Kristi keeps this bowl of fruit full all the time.  I eat it without a thought.  Just that bowl has a half day wages in it.

A new senior missionary couple arrived in Lusaka this past week.  They are the Binghams from Oakley, Idaho and also lately from North Dakota.  Their calling is "Self Reliance".  Elder Bingham's mind is already churning about ways to help our members improve their lives.  It takes a vision of the possibilities, an idea that can start small, and encouragement to see it through.  Zambia is truly a land of opportunity for those who are willing to break out of their traditions.

The fruits are everywhere and everyone should have a full bowl everyday.

Thursday, March 13, 2014

A New Flat for Elders

It was time to move the Elders in an area out of an expensive furnished flat and into a flat for half the rent and unfurnished.  Below is what we would call a duplex with two gates.  We rented the one on the right.  The standard lease here is three months with three months notice to move.  That amount of lead time makes moving decisions a rather paced event.

The road is paved and inside the gate it is paved which really helps keep the mud out of the house.

Standard skeleton key type door and a grill with two padlocks.

We headed first to Kamwala market to get beds and mattresses.

Besides mattresses and beds they needed EVERYTHING.  Pots and pans, dishes, clothes racks and tubs to wash clothes in.  Table to eat at and study tables for each companionship.  Bookshelf, fans, a rug and chairs came first.  Next was some overstuffed chairs to just relax in.  Of course they also needed a fridge and stove.  Cleaning equipment and supplies.  Missionaries supply their own sheets.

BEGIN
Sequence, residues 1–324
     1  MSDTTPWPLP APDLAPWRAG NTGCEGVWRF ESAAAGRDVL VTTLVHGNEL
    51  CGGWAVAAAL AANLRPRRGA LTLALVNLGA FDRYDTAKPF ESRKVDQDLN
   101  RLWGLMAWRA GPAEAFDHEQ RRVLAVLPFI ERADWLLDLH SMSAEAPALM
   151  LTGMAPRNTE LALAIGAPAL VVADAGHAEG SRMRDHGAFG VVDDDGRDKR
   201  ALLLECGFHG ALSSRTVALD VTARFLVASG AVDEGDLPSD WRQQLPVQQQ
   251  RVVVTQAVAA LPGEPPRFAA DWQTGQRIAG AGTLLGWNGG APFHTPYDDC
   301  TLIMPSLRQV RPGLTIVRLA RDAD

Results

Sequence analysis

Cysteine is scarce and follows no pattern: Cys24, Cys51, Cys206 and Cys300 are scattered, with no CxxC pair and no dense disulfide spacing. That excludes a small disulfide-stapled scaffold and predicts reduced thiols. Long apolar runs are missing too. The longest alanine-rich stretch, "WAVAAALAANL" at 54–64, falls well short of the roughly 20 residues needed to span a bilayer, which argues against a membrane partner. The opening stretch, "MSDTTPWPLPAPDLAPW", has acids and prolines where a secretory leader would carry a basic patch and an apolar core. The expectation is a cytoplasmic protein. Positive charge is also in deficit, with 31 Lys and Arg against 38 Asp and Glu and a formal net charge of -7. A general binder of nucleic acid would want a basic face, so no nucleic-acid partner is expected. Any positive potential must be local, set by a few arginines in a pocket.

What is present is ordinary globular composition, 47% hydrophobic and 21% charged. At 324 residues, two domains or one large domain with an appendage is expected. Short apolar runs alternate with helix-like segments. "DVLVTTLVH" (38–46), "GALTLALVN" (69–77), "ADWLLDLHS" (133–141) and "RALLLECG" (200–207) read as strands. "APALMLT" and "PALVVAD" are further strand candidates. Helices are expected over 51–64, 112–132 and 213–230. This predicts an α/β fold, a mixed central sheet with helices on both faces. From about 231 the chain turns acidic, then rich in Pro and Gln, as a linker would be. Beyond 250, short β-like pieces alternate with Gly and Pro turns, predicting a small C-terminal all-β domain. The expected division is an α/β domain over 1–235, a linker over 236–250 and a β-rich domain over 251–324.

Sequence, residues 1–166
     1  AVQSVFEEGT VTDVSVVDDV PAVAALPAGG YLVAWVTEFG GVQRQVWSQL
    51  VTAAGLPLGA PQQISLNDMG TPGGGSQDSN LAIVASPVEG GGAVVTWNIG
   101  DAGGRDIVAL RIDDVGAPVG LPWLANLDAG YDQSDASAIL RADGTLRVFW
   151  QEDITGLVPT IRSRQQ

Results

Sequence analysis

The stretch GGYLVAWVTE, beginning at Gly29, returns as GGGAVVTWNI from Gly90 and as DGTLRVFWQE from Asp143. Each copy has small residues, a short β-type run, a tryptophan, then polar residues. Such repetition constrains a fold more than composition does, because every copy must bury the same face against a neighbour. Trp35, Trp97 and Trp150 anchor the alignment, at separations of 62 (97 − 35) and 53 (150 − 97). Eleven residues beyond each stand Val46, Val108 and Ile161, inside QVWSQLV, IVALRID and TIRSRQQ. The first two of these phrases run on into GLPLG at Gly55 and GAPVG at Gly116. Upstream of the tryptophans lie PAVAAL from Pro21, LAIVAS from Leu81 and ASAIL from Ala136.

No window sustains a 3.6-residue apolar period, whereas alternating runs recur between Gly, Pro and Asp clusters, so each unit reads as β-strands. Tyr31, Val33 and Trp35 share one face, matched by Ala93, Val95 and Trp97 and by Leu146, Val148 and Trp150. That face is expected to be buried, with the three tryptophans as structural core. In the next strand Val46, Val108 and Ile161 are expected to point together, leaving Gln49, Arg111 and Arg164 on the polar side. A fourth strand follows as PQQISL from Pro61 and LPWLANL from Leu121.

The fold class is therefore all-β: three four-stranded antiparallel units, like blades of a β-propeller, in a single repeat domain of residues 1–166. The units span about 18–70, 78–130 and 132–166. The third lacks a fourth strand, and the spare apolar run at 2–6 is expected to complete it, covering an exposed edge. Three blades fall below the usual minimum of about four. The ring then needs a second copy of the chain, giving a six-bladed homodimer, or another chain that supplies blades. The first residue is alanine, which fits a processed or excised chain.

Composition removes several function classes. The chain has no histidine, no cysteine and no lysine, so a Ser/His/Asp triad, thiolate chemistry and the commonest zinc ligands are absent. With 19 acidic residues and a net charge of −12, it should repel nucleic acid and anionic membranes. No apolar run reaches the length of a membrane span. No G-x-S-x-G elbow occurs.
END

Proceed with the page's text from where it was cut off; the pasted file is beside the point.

Next was the curtain shop.  It was easiest to buy ready made off the display walls.  It is also the cheapest.  They will make anything you want out of any material and it will be ready the next day.

This was one of several men fulfilling orders.

This pair was coming down to end up in a companionship's bedroom.

Checking out was downstairs.  All the men on the left worked at the fabric shop.  The customers are on the right.

The little guy that is a little higher and in the corner takes the money and oversees the operation that is a real beehive of activity.

Just a sign on the wall as we headed back with another load of items for the flat.

We now know the prices and what is fair.

I passed three sister missionaries as I was headed through town.  They are always a delight to run into as they are always happy and up.  These are Sisters Gehring, Hirwa, and Vea.

The Elders are patient as we get them situated so they can sleep, and then over a week's time the flat is outfitted and ready to go.  There just isn't enough time in the day to get everything done at once.